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Pat Martino has certainly had more than his share of ups and downs: after establishing himself as one of jazz's outstanding guitarists and a major influence on such younger players as Pat Metheny, he suffered a brain tumor that forced him to relearn the instrument. Now that he has come all the way back, it's even more interesting to see where he started with El Hombre, his 1967 debut as a leader. A Philadelphian, Martino worked steadily in the organ combos so popular in the region's jazz clubs, earning his bones as a sideman for Jack McDuff, Richard "Groove" Holmes and Don Patterson, and this date reflects that background, with organist Trudy Pitts serving as Martino's primary foil. As its title suggests, El Hombre has a decidedly Latin tinge, employing flute, conga, and bongo for a soulful bossa sound that, while currently out of vogue, proves remarkably winning. From the opening "Waltz for Geri," Martino establishes himself as a confidently swinging yet breezily relaxed player, and turns in some of his best performances on the title cut and the extended "A Blues for Mickey-O." For guitar fans unfamiliar with Martino's work, El Hombre is a revelation. --Fred Goodman
Top Customer Reviews
Pat Martino is a favorite of mine, but it took me a while to work back to this album. The guy just oozes musicality here. His playing is relaxed and nimble, his tone clean and liquid. Like Pass and Montgomery, Martino's licks seem to come out of him with a seemingly effortless instinct. You can't learn to talk with your instrument like this--you are born with it.
Trudy Pitts is the perfect match for him on organ. Her sound changes and dynamics are fabulous, always enhancing and complementing the guitar, never crowding it. She also gets sounds out of the Hammond B-3 that you don't hear from other famous players. At one point I was wondering if she was in fact playing a B-3, and not a Wurlitzer, or something.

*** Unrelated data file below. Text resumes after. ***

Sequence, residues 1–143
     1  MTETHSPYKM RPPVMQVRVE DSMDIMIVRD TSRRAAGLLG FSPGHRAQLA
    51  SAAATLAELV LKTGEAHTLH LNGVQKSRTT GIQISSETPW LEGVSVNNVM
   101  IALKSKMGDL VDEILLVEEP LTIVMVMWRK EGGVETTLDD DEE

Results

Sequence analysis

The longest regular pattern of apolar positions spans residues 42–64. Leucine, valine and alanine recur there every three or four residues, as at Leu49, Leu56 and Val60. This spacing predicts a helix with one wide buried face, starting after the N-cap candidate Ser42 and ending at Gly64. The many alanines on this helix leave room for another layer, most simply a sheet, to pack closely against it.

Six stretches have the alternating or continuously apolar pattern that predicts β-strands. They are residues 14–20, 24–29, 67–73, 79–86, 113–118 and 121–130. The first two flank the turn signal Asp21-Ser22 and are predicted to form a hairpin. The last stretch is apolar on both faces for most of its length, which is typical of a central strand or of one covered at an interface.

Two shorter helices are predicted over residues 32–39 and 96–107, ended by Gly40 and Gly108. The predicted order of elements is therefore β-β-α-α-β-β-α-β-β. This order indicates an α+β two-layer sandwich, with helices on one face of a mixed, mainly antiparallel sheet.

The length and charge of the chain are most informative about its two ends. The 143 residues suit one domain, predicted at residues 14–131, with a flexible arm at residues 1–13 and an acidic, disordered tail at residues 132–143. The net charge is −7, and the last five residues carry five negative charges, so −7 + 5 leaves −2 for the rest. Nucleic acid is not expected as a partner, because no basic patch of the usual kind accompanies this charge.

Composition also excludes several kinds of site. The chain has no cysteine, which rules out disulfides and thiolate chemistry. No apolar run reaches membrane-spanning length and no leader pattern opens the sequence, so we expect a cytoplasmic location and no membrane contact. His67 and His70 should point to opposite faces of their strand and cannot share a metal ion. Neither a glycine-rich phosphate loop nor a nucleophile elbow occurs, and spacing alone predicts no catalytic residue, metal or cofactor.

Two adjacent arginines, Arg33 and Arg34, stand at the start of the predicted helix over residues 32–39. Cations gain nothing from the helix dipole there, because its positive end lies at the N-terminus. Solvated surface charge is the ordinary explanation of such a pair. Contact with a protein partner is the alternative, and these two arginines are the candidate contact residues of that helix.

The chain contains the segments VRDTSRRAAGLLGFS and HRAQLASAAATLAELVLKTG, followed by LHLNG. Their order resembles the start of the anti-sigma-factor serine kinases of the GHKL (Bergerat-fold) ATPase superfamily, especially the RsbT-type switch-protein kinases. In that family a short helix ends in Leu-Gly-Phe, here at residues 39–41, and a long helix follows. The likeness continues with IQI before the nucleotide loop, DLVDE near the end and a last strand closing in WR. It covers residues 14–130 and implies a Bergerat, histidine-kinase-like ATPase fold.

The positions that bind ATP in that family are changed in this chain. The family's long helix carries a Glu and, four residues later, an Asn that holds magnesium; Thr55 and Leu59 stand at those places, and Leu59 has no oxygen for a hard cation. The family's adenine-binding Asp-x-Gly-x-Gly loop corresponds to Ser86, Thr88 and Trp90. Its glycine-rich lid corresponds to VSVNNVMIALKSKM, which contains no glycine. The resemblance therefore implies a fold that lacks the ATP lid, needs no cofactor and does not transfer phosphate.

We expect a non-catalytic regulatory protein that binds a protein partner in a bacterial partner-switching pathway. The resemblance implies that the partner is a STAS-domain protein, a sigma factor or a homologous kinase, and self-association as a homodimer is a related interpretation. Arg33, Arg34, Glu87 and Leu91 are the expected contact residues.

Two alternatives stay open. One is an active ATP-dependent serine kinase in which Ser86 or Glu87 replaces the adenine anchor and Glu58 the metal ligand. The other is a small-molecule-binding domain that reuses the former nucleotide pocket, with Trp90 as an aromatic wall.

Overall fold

Drummer Mitch Fine really drives this group along, swinging with the command of a Blakey or Jones and, again, ornamenting but not stepping on the soloists. I'll have to keep an eye out for other records he appeared on.
Rounding this out with flute and Latin percussion gives the record a real nice mix of styles and sounds. I only wish it were longer, but I imagine there weren't any left-over tracks lying around in the vault.
Do yourself a favor. If you are at all partial to Sixties organ combo jazz, snap this baby up. You'll be grooving in no time flat.
The compositions and arrangements are great, especially if you have a love of latin jazz. You get the latin rhythm section and flute...such a beautiful sound.
The album has such power because it is delivered with so much groove and finesse; and it just sounds really, really good. Probably my fav of the discography.
I have rarely heard a guitarist play with such assurance. It's as if he knows exactly where he is going, what notes he is going to play, and how to build a solo to a perfect climax well in advance. Impeccable technique - every note is clean, even in the fastest passages. And the ensemble is on fire! The organ playing exciting, the percussion section right on. Even the flutist (one of my least favorite instruments outside of a classical context) adds alot to the sound with some great solos and duets with the guitar. The only problem I have now is saving money for the next Martino CD.
A gotta-have for any guitarist, jazz lover or not.